In April 18 IssueRussell County NewsBy Greg Wells, RCN Managing Editor
"Wearing a black T-shirt and carrying a chainsaw," is what one student volunteers as his description of a bully.
Heather Hurt-Klepper and Maja Cupac are in Teresa Meyer's classroom at Salem Elementary and they are asking the first-grade students about bullies.
They steer the conversation away from the horror-show version of bullies and ask, "Can a pretty little girl be a bully?"
At first there are no's then they are outnumbered by the yes's and soon the consensus is that pretty little girls and nice looking little boys can be bullies.
The students get down to describing personal experiences, including the requisite complaints about older siblings. Eventually the two women from the Regional Victim Services Program bring the students back to talk about other students who may have said or done things to them that weren't nice.
They encourage them to approach teachers and parents if things happen either to them or to others in their school.
Cupac points out that generally little girls aren't known for physically threatening others, and explains her experience.
She tells the class about her friends and how one girl would intimidate the others, telling them if they talked to some other girl no one would be their friend.
That class last Tuesday was one of many classes that passed through Meyer's Health/Nutrition & Arts/Humanities classroom which the women talked with.
Meyer said Russell County Sheriff's Deputy Clete McAninch, who also spoke to the children, had brought the women to the class as part of the school's work to insure bullying isn't a problem.
"We're trying to keep awareness high so there won't be a problem," Meyer said.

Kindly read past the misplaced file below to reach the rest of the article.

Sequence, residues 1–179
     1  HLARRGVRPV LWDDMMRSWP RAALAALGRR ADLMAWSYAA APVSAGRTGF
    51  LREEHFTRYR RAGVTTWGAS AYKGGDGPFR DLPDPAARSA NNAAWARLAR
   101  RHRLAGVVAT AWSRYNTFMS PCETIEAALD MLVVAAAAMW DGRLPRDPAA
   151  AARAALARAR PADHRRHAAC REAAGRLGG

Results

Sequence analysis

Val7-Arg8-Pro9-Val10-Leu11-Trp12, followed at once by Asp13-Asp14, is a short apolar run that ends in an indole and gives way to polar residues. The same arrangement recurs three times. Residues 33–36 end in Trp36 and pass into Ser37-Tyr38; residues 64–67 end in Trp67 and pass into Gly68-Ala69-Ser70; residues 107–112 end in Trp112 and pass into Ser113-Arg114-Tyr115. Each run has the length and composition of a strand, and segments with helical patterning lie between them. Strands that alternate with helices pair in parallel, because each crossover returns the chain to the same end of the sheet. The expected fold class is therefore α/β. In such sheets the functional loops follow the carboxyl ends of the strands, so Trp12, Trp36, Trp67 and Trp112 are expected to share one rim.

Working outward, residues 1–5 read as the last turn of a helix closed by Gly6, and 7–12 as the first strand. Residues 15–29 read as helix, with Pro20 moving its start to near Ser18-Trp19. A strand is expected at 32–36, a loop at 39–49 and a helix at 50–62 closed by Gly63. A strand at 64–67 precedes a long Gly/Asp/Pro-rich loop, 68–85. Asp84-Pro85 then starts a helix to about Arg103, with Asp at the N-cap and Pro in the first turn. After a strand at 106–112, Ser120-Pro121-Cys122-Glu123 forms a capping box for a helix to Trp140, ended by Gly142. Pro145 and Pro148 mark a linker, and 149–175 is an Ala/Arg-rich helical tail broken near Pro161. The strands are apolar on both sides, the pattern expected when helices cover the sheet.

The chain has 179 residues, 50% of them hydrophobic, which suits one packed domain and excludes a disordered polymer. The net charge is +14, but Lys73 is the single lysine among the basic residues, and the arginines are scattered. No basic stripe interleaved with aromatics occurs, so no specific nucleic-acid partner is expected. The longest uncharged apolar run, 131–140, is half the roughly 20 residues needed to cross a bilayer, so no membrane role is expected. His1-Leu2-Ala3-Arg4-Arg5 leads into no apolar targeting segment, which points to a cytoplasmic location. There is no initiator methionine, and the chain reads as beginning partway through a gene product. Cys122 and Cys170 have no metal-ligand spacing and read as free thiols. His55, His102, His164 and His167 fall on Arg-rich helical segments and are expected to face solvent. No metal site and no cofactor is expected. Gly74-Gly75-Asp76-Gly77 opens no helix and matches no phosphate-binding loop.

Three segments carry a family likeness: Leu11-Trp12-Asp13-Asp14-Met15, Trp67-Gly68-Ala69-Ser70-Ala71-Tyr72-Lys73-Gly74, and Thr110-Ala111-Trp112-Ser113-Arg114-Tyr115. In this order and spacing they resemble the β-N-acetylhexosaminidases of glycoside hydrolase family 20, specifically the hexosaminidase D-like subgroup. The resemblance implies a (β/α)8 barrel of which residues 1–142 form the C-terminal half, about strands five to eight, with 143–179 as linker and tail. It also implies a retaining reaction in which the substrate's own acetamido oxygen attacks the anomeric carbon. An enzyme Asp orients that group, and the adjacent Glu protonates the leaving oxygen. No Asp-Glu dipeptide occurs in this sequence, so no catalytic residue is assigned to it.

The teacher said Salem has plans to install an anonymous drop-box for students to let the administration know about any problems, without feeling like they could be singled out as a tattle-tail.
Hurt-Klepper, who conducted much of the class, steered the wandering young minds from their imagined chainsaw wielding monsters to other children who may try to make then do things or push them to treat others badly.
She said today's bullying is often more about rumor starting and name calling, though the traditional boy behaviors of bullying are still common.
Though Meyer said the school hasn't experienced a problem with bullying Hurt-Klepper stressed it has been in all of the schools they've visited in the ten-county area Adanta serves.
She said that Salem is the only school they've presented this program in, but they've worked other programs here, and anticipate presenting others in the future.
"I'd like to bring them back," McAninch said. "They have a good program on internet safety that would be good at the middle school."
He said there is some evidence that some children who have always just been listed as runaway children nationally have been abducted over the years and middle school is where he said the warnings about meeting people "in the real world" who they met first online could save the lives of "tweens" and teens.